Up the Hill


uphill

Put on a pot of heirloom Bolita Beans this morning.  They are a marvel from my garden because they grow at 7500 feet in my short season on my monsoon rains without supplemental water.

I understand that they are a threatened variety of beans and will make sure I don’t just gobble them up thinking that I can pick up more where I got these in Moriarity, New Mexico.  Next year’s seed stock first!  I love the sound of that… getting more self sufficient here in my Food Forest.

Especially for easy crops like beans, once you have your first crop it is in your best interest to save seed.  Every generation is better adapted to your own location.  I will save enough seed stock for two years in case of loss and will not grow other varieties at this time as I prefer to develop a good strain from this local variety.

Trudged up the hill while the beans were cooking to see how everything survived the wet summer. I saw a lot of growth and some erosion.  The photo above is the view about 1/3 of the way to the top.  Most of my 5 acres is quite steep.

At the top right of the photo you can see the valley below and more hills opposite.  In the foreground is the bulldozed portion that I have not seeded yet, but have seeded up to this point.  I am amazed what a difference seeding has made on the lower slope because it is not bare soil anymore.

This is a flat spot before it gets very steep all the way to the top.  It has a stone front and has filled the center with sand that is as flat and smooth as a pond.  It would be a lovely view for a house but would tear the woods up gaining zigzag access.

While I was up the hill I dug a Yucca baccata offset.  Broke the root so I potted it on my patio to watch it closer.

Lower down, the proposed driveway/orchard had wildflowers this year, and my cherry tree died.  The Asian Pear next to it did not.  I pulled out the cherry and put in a Bartlett Pear.

I have heard locally that only apples do well here. If apples do well, surely pears will.  It is hard to plant a nice fruit tree and leave it to the Food Forest, sink or swim.  Once I am “homed” I may plant a few trees close to home inside the courtyard.

Of course it is not recommended to plant fruit trees close to your home if you have bears around.  I know at least one bear has wandered within 3 feet of my trailerstead; he left footprints in the snow.

Probably the same bear that took a snooze in my outbuilding during a late snowstorm last winter when I had 18 inches of snow.  Made me an hour late to work because the shed is only a few feet from my truck!  Had to get help to run him out of there before he decided it is his home and I am the intruder.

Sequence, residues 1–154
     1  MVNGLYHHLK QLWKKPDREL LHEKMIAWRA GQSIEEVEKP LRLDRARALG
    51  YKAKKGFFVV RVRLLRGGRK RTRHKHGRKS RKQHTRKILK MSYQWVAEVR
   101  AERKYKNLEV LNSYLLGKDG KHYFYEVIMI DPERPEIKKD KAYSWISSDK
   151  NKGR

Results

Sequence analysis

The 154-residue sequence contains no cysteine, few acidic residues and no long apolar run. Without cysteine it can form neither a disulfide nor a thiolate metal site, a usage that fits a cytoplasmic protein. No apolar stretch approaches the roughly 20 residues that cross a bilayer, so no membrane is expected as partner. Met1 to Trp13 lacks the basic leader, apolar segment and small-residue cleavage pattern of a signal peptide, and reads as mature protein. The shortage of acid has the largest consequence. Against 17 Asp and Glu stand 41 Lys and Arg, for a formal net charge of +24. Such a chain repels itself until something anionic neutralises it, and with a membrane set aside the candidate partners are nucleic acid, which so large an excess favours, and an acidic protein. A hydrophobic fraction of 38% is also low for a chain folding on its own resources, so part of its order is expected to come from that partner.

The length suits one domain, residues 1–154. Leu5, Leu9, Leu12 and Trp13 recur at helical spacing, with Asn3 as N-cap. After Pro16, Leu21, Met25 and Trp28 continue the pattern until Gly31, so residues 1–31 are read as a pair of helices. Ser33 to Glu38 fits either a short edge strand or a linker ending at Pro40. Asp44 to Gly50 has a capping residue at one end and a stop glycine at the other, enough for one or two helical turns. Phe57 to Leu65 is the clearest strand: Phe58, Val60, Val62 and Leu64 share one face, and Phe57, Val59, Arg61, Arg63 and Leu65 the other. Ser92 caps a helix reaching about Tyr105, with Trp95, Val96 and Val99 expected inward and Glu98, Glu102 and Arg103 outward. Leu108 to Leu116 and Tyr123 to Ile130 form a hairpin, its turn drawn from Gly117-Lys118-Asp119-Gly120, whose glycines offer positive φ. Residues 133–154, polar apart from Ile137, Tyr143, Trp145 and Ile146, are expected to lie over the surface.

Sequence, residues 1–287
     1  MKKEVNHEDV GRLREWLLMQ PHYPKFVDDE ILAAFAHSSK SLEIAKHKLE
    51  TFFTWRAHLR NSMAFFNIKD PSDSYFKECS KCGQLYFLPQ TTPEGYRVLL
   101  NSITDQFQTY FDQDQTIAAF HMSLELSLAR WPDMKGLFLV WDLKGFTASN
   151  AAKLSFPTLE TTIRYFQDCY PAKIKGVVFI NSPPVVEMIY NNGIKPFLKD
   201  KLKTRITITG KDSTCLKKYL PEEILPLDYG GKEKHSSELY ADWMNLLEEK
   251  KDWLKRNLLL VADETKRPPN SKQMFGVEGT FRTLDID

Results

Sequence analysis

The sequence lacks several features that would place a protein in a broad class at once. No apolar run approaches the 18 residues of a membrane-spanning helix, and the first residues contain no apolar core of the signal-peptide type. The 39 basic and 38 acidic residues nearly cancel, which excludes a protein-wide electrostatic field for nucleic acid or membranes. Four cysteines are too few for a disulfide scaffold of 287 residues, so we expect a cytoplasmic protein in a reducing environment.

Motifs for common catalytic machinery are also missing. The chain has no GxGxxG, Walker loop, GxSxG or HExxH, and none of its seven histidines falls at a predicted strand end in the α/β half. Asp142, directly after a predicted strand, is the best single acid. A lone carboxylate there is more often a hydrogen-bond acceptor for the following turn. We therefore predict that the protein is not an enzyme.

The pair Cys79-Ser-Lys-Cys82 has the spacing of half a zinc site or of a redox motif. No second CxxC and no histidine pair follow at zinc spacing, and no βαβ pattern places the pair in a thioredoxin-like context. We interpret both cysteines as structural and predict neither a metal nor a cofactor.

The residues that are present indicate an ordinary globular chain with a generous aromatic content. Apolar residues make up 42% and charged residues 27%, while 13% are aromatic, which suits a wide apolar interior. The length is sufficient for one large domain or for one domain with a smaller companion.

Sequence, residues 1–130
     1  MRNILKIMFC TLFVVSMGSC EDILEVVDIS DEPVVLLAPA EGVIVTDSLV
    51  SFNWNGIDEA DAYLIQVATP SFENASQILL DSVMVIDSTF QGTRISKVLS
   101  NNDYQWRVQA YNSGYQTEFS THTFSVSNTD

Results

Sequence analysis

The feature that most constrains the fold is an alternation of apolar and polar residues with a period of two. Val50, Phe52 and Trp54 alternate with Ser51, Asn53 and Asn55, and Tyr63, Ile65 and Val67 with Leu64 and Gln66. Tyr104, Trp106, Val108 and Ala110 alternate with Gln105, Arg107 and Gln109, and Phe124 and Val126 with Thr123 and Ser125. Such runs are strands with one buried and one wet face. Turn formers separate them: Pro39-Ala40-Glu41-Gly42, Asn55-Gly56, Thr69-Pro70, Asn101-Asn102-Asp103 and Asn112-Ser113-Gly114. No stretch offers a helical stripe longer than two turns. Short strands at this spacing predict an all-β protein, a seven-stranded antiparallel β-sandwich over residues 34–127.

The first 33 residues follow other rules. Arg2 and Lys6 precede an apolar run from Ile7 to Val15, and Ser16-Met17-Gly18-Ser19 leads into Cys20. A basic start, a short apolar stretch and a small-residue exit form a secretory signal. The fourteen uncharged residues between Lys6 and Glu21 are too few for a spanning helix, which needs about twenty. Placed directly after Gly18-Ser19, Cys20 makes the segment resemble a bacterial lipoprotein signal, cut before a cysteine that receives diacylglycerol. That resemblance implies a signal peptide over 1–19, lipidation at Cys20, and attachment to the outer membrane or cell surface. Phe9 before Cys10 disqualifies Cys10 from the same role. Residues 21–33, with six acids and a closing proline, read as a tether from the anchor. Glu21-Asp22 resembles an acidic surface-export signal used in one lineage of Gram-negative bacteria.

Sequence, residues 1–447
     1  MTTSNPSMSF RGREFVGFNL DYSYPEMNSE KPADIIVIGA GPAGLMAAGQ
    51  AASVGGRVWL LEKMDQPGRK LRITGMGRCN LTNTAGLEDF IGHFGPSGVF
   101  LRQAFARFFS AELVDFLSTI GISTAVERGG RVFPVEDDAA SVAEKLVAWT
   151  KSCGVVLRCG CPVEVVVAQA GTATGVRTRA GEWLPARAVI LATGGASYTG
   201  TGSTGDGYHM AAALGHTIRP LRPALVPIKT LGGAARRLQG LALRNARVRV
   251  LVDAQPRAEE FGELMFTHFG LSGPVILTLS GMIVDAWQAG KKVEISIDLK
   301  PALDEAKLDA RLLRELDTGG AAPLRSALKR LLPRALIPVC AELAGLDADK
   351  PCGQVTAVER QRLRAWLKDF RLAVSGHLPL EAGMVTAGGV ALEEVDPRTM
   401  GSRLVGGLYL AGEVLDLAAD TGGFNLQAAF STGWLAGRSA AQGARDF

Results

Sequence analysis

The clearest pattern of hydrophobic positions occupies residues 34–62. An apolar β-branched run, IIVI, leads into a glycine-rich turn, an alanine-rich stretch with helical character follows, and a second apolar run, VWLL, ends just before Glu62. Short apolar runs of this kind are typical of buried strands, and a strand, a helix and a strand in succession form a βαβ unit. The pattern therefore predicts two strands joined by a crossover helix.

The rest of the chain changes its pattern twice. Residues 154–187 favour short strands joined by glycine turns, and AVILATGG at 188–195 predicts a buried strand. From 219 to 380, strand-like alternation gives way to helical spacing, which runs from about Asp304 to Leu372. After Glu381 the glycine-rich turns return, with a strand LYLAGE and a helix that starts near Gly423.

I am thankful he did run and didn’t turn and attack.  Bears always lose territorial disputes with humans and I do not want him put down because I moved into his Food Forest.

The boiled beans are now soaking up the flavor of the remnants of my Posole soup.  Gotta love New Mexico red chile in your Posole.

I did not grow enough chile this year to get dried red chile because I ate every single one as New Mexico green chile!   I have a lot of seed left from a ristra made from locally grown chiles.  I need a good south exposure for chile up here, I grew mine in a big pot, it did well enough that way.  My new patio enclosure will keep them even warmer next summer and will increase my yield.

Took a break and had a bowl of beans with a hunk of bread.  Maybe tomorrow I will bake cornbread.  Part of the bean pot will be frozen for another day.

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About rebeccatreeseed

I am a naturalist raised by naturalists. Treeseed is my earned name, while Rebecca is my birth name. I am of Northern European descent, with a quarter Irish.quarter thrown in. I suspect I was a product of northern invaders into Ireland into Ireland. but hard to say since DNA disproved the family story about Apache blood! I have found some odd ancestors to replace them. Last year I bought 5 acres of pinyon-juniper forest on the side of a mountain in Santa Fe County, New Mexico. I am fulfilling a lifetime dream of a cabin in the mountains and a food forest that will feed me and local wildlife. I want to share this new phase of my life with others that might be interested.
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